*** OFFICIAL POST YOUR PAY THREAD ***

General Discussion for SMART Scholarship Recipients

Re: *** OFFICIAL POST YOUR PAY THREAD ***

Postby Guest » Tue Aug 29, 2017 10:45 am

Guest wrote:
Guest wrote:$83k+ moving exp (PCS)
PhD
Army
GS 12-7
No furlough (civil service)
Hired 2013


Update: 3 years in
$97K, GS 13-6


Update: 4 years in
$102K, GS 14-1
Guest
 

Re: *** OFFICIAL POST YOUR PAY THREAD ***

Postby Guest » Mon Sep 11, 2017 1:27 pm

Some perspective for the Army GS-14 who keeps telling us his salary.

I left SMART before Phase 2. I had a phd in electrical engineering an an offer from the army for a gs-11 ($57k at the time).

I went to a contractor developing technology that will be fielded by the next generation warfighter... today's tech is too old to be wasting brain cells on. I started at $110k/year. 5 years in and I'm not a gs-14, but I'm telling gs-15s what they should be spending their program dollars on and routinely briefing ses and 1 and 2 stars on future technology. I have better benefits than the civilian army employees, and a better work-life balance than anyone at my old sponsor facility.

Leaving smart was the best decision I could have ever made. For the highly educated, dod is just not a great employer (great customer though...).
Guest
 

Re: *** OFFICIAL POST YOUR PAY THREAD ***

Postby Guest » Mon Sep 11, 2017 2:23 pm

Guest wrote:Some perspective for the Army GS-14 who keeps telling us his salary.

I left SMART before Phase 2. I had a phd in electrical engineering an an offer from the army for a gs-11 ($57k at the time).

I went to a contractor developing technology that will be fielded by the next generation warfighter... today's tech is too old to be wasting brain cells on. I started at $110k/year. 5 years in and I'm not a gs-14, but I'm telling gs-15s what they should be spending their program dollars on and routinely briefing ses and 1 and 2 stars on future technology. I have better benefits than the civilian army employees, and a better work-life balance than anyone at my old sponsor facility.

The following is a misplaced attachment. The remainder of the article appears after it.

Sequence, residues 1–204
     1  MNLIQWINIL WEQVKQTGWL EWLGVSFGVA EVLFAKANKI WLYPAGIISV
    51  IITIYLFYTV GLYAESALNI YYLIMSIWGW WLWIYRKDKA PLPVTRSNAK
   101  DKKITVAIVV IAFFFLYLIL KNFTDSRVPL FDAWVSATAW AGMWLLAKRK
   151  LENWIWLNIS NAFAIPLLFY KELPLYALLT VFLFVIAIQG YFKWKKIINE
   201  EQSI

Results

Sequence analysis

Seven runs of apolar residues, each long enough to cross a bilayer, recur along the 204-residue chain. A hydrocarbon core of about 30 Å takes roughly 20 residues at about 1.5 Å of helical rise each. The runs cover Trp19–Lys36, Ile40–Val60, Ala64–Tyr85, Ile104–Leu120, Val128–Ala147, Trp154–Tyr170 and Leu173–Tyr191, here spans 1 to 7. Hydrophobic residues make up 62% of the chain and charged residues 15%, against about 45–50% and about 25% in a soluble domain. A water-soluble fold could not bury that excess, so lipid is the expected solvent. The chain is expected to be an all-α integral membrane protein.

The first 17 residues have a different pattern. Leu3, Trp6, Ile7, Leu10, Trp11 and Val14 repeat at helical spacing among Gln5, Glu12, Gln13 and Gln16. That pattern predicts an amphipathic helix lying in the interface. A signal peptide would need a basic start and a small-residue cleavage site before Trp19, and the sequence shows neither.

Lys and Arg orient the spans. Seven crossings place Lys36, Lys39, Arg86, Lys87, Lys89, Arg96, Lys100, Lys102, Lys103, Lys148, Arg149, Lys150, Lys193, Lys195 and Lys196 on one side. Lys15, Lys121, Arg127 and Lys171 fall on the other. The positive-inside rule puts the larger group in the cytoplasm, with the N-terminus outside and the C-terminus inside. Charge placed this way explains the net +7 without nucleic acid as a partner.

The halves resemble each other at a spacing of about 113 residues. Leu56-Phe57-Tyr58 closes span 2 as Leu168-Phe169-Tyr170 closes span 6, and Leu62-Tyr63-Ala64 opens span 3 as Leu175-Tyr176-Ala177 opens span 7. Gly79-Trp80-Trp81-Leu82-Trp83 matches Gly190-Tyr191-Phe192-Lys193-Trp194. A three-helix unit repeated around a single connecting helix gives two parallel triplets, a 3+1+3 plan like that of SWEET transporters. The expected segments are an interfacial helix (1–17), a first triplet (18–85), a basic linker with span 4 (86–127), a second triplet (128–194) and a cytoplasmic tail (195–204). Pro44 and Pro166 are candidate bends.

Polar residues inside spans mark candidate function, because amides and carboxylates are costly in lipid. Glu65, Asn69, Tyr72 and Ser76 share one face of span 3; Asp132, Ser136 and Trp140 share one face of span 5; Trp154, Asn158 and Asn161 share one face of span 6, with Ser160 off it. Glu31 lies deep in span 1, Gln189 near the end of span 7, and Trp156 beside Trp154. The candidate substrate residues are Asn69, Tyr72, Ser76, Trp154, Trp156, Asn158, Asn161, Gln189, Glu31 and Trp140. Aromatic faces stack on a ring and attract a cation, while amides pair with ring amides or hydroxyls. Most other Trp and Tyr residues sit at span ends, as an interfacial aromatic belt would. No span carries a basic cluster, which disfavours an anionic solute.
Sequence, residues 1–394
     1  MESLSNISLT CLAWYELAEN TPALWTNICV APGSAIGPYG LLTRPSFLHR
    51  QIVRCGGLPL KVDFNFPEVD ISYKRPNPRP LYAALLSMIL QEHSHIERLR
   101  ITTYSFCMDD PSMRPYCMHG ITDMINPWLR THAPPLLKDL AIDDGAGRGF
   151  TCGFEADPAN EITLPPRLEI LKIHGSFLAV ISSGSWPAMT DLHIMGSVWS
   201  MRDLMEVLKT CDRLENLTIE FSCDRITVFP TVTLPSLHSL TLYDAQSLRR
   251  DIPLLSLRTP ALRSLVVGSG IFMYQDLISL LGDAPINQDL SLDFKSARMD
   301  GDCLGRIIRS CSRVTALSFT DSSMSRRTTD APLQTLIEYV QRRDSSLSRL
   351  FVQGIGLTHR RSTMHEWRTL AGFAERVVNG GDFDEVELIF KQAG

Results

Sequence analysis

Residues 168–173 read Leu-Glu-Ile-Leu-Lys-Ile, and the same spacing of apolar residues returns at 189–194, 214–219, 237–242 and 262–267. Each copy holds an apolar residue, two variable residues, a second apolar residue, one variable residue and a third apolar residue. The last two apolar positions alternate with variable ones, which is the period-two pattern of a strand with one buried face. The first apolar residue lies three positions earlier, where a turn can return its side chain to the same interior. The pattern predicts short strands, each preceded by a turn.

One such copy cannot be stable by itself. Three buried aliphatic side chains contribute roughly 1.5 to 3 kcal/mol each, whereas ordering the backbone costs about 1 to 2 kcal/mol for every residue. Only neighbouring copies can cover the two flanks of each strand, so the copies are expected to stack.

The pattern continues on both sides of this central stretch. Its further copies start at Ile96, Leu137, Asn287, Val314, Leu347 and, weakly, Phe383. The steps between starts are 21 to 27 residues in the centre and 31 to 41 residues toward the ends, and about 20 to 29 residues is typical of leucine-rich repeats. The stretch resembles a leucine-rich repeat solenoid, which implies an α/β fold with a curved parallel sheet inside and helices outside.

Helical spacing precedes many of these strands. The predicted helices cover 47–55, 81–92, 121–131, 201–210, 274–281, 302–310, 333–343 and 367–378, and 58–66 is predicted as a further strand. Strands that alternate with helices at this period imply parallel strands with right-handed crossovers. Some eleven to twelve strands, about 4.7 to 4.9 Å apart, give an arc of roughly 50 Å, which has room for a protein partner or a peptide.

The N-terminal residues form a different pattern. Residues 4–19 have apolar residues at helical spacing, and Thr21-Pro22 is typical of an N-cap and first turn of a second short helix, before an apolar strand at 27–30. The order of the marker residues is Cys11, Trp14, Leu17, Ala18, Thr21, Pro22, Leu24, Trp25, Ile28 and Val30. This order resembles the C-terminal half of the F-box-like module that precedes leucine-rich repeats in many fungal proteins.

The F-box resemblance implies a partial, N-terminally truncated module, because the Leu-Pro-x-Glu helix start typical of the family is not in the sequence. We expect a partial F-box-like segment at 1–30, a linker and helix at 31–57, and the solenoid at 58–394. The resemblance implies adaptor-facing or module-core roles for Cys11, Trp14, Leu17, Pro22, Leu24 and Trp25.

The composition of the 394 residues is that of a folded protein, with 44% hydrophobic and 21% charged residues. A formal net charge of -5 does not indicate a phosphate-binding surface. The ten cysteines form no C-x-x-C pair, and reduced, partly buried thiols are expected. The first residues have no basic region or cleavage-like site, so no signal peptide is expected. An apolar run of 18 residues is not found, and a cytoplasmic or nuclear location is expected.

Leaving smart was the best decision I could have ever made. For the highly educated, dod is just not a great employer (great customer though...).

For those people that want an easy paycheck the DOD is a wonderful employer
Guest
 

Re: *** OFFICIAL POST YOUR PAY THREAD ***

Postby Army GS14 Dude » Tue Sep 12, 2017 11:12 am

Guest wrote:Some perspective for the Army GS-14 who keeps telling us his salary.

I left SMART before Phase 2. I had a phd in electrical engineering an an offer from the army for a gs-11 ($57k at the time).

I went to a contractor developing technology that will be fielded by the next generation warfighter... today's tech is too old to be wasting brain cells on. I started at $110k/year. 5 years in and I'm not a gs-14, but I'm telling gs-15s what they should be spending their program dollars on and routinely briefing ses and 1 and 2 stars on future technology. I have better benefits than the civilian army employees, and a better work-life balance than anyone at my old sponsor facility.

Leaving smart was the best decision I could have ever made. For the highly educated, dod is just not a great employer (great customer though...).


Different strokes for different folks. First, this is the "OFFICIAL POST YOUR PAY THREAD," so it seems odd that you make it seem weird to "keep telling us his salary." I'm trying to provide information for prospective candidates of this program, in part to counterbalance all the negative information given by people on this forum. I am one of a few dozen SMART Scholars at my SF who are all very successful and very happy. It seems like people would want to know both sides. I'm sorry your experience didn't work out so well. I'd like to reference my other post on the forum to give you more of my perspective.